The Franklin Institute has recognized the work of Edmund Clarke, FORE Systems University Professor of Computer Science at Carnegie Mellon University, with the Bower Award and Prize for Achievement in Science, for his "leading role in the conception and development of techniques for automatically verifying the correctness of a broad array of computer systems."
The general topic cluster for this year’s Bower Science Award was Computer and Cognitive Science. (The overall topic is drawn from a rotating selection that also includes Chemistry, Civil and Mechanical Engineering, Earth and Environmental Science, Electrical Engineering, Life Science, and Physics.) With the overall cluster determined, the Institute’s Committee on Science and the Arts develops three topics for presentation to a Theme Selection Committee, which in turn chooses the specific topic for the award.
Jeremy Johnson, a computer science professor at Drexel University, serves on the Committee on Science and the Arts, and also as part of the computer and cognitive science cluster, helps select the award recipients. Johnson proposed the theme of verification and validation and championed it to the Selection Committee. According to Johnson, "I chose the topic because of the importance of computers for running the infrastructure of the modern world and the difficulty and importance of making sure they run correctly." He focused on formal methods of verification, he says, because "I believe there is great potential for formal methods, and the time is ripe to see them better utilized in the development of computer systems." He also felt that granting a Bower Award in the field would give the methods more exposure and help them realize their potential.
Rajeev Alur, Zisman Family Professor in the Department of Computer and Information Science at the University of Pennsylvania, agrees about the importance of work in verification and validation. "The motivation for this field is to make sure that systems work correctly," he says. "These days, every engineered product has some software running inside it. An example would be the software that's running inside a pacemaker. But software comes with a challenge, which is that it may be buggy, and failure could lead to catastrophic loss or life-threatening situations. It could also be very expensive. The goal of verification is to make sure at design time that you are sure the software works as intended, so the errors don't crop up while the systems are actually running."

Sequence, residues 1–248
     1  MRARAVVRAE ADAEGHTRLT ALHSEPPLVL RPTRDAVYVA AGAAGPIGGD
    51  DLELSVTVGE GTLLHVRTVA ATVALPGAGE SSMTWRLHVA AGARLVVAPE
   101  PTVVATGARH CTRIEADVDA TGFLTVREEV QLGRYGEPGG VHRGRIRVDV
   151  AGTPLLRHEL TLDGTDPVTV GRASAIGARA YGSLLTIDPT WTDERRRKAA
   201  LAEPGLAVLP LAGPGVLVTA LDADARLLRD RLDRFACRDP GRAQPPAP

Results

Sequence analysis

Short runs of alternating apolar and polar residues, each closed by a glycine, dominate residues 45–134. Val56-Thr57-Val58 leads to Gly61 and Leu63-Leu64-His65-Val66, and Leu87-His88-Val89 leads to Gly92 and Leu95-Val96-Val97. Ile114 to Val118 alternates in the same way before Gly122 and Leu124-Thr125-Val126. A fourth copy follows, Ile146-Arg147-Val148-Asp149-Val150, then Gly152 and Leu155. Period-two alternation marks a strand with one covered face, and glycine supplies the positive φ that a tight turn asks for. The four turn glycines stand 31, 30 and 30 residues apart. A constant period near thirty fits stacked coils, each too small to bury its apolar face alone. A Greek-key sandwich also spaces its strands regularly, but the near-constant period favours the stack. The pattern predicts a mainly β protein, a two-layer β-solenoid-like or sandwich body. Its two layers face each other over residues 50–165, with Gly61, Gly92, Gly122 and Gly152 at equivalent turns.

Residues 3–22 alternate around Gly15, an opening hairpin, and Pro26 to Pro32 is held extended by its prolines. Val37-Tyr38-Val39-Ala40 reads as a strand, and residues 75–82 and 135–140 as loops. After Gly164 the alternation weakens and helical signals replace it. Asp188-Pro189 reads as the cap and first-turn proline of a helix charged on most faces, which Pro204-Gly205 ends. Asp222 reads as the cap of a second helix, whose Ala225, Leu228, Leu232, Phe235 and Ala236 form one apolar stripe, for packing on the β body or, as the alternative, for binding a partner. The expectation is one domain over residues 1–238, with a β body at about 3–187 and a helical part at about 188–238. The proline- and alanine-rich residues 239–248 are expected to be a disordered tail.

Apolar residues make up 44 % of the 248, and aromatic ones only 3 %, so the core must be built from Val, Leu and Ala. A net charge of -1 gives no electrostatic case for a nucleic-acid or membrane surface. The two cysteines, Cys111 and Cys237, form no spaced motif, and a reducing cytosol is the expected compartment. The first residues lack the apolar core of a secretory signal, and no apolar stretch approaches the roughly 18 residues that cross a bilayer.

Randal Bryant, professor of computer science and Dean of the School of Computer Science at Carnegie Mellon University, concurs. "This is an area that's not the mainstream, most-known part of computer science. It's not the World Wide Web or something like that. But the field does have some serious substance behind it, and it's also had some real impact on industry." According to Alur, research into verification has proceeded slowly but steadily, and has reached the point where it can be applied to real-world systems. "It's very good for the field and it's a nice recognition that this is an important technology. We're very happy that the Institute chose this field," says Alur.
The Institute's Theme Selection Committee ended up being convinced by Johnson's argument, and chose verification and validation as the topic for the award. (The other contenders were parallel processing and computer translation of natural language.) With the topic chosen, the next step was to define it and solicit nominations, for which the Institute enlisted Alur's help. "When they chose verification as one of the topics, they contacted me because of my work in the area, and they wanted to make sure that the description in the call for nominations covered as many subareas as possible, and that the topic was construed as broadly as possible," he says. The final description, as posted on the Institute’s Call for Nominations page, read, "Research areas include but are not limited to: formal specification, formal semantics, model checking, automated theorem proving, static analysis and type checking, proof checking, and program derivation."
Alur also made sure the call for nominations was advertised to relevant scientific mailing lists. His efforts paid off, he says: "We got an excellent slate of nominees, from the U.S. but also from international sources. And in lots of different sub-areas."
The eventual winner, Edmund Clarke, calls his approach to verification "model checking," an approach he has been focusing on for more than 30 years. In model checking, systems specifications are expressed in a propositional temporal logic, and a search procedure determines whether the specifications are satisfied. This approach is more efficient and requires less manual intervention than the more common simulation method and, according to Clarke, has become widely adopted for verifying hardware and is beginning to be used to verify software as well.
Clarke received the 2007 ACM Turing Award together with E. Allen Emerson and Joseph Sifakis for their role in developing model checking. Says Bryant, "If you're going to pick someone in this field, here's the guy."
Logan Kugler is a freelance technology writer based in Silicon Valley. He has written for over 60 major publications.
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